These days many entrepreneurs and companies alike are feverishly developing and releasing the newest and most up-to-date apps to keep up with consumer needs and desires.  Though many have recognized the marketplace for extensive development in this area, there are numerous roadblocks and challenges to getting it up and running.  One particular roadblock, as explained by Carlos Thomas, CEO and Founder of Bezzirk, is “financing and finding a reputable team.”

If you are an entrepreneur, or an officer at a company seeking to expand the present business horizons by offering an app to smartphone and tablet users, here are five tips to keep in mind to land a successful digital extension of your products and services.

  1. Offer a Product or Service That People Want and Need. If your underlying product or service is crappy, no consumer is going to come checking for the app. Having an app, just to have an app, is pointless if there is no demand or desire for what you are offering.  Be original, be creative, yet, remain true to any current customers and target demos you already have.
  1. Engage and Include All of Your Customers.  Be certain that the functionality of the app is alluring, attractive, and useful to and for your target audience and potential customers.  If there is a way to build in mechanisms that allow a continuous extension and invitation to friends and family of current users, then, by all means, include those. Additionally, be certain that the app is available for most, if not all, smartphones and tablets currently dominating the market.  You wouldn’t want anybody to feel left out.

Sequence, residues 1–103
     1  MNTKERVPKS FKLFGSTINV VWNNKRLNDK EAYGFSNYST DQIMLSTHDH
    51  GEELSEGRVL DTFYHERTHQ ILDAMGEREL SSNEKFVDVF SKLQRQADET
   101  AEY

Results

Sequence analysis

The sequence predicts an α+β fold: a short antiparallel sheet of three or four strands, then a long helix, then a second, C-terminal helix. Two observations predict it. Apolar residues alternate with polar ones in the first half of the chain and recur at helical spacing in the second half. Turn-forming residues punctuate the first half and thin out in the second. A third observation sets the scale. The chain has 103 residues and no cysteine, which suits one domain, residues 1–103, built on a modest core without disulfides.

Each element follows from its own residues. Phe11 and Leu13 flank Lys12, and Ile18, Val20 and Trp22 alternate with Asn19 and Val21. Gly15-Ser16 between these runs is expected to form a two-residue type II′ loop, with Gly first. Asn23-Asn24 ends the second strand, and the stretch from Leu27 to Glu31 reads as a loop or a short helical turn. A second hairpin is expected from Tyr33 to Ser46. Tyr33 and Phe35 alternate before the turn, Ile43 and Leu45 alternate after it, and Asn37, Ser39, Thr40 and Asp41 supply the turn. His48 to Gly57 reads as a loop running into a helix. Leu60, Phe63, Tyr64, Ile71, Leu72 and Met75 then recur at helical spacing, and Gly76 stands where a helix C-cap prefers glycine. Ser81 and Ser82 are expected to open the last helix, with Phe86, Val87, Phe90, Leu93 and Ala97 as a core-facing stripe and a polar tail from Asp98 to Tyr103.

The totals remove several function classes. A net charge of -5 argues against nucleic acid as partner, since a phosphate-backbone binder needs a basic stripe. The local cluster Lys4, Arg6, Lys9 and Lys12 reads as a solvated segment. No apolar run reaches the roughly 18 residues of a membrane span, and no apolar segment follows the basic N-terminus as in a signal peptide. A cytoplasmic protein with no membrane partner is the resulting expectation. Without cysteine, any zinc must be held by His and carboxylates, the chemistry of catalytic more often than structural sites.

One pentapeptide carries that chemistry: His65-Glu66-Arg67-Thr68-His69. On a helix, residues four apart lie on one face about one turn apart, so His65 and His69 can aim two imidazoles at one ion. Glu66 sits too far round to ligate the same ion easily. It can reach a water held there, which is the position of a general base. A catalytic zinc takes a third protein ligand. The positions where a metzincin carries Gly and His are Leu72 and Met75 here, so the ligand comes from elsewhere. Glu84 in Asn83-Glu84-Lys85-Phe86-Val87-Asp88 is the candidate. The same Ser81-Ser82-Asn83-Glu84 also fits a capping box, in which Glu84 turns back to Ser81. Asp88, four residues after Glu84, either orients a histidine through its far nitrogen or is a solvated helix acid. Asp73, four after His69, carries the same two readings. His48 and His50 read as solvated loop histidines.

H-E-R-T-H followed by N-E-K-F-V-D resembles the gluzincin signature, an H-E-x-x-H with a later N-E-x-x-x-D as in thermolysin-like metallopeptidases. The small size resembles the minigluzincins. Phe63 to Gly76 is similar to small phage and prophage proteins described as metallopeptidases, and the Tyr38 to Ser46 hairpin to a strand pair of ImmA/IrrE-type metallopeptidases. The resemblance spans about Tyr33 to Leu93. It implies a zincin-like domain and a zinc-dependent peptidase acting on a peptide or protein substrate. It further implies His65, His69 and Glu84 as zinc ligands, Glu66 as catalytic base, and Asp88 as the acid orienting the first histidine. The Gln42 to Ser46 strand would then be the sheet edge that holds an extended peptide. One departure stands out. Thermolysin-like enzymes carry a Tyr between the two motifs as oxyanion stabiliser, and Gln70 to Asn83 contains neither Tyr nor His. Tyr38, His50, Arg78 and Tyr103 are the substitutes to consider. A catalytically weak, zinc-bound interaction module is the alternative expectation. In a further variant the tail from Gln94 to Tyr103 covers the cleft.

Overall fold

1. Seek Outside Assistance If Needed.  This includes fundraising and development. If you have a great idea for an app, but have no clue as to how to get started and/or how you can pay for its development, seek help.  As this proves to be one of the most challenging aspects when developing an app, be certain to properly allocate enough time in seeking both so as to not miss the opportunity.
  1. Promote and Market Consistently.  As with the launch of anything, you don’t want your company and/or business to spend a considerable amount of time and money allocated towards the launch of an app, yet fail to consider or budget for its continuous promotion and marketing.  Sure, there is big buzz for the first couple of weeks leading up to, and after, its release, but what about weeks and/or months down the line when the excitement for this “new” offering starts to fizzle? Be certain you plan appropriately for short-term and long-term marketing and promotion of your app so there may be a continued interest brewing.
  1. Track, Measure and Don’t Forget Your Website.  As with all offerings, you want to ascertain what is working and what is not working.  What interface interests consumers and which ones do not? How many hits are you getting for both the app, and for your existing website? Keeping up with and measuring all progress or failures will assist in continued development of updates to maintain interest from both consumers and potential customers.

 

Rashida Maples, Esq. is Founder and Managing Partner of J. Maples & Associates (www.jmaplesandassociates.com).  She has practiced Entertainment, Real Estate and Small Business Law for 9 years, handling both transactional and litigation matters. Her clients include R&B Artists Bilal and Olivia, NFL Superstar Ray Lewis, Fashion Powerhouse Harlem’s Fashion Row and Hirschfeld Properties, LLC. 

 

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Cha-Ching: 5 Ways To Make Your Social Media A Source Of Income

woman-social-mediaSo you have decided to start a small business and want to find the best and most effective means of connecting with and procuring customers via your social media accounts. What may be easy for those who already utilize the portals of social media may be difficult for others who have no interest and/or working knowledge of just how they may benefit their company’s bottom line.

Must Read: 5 Reasons To Visit ‘The Happiest Place On Earth’

If you are looking to capitalize on potential customers from social media, here are five tips that may assist in leading you to greater market share for your business.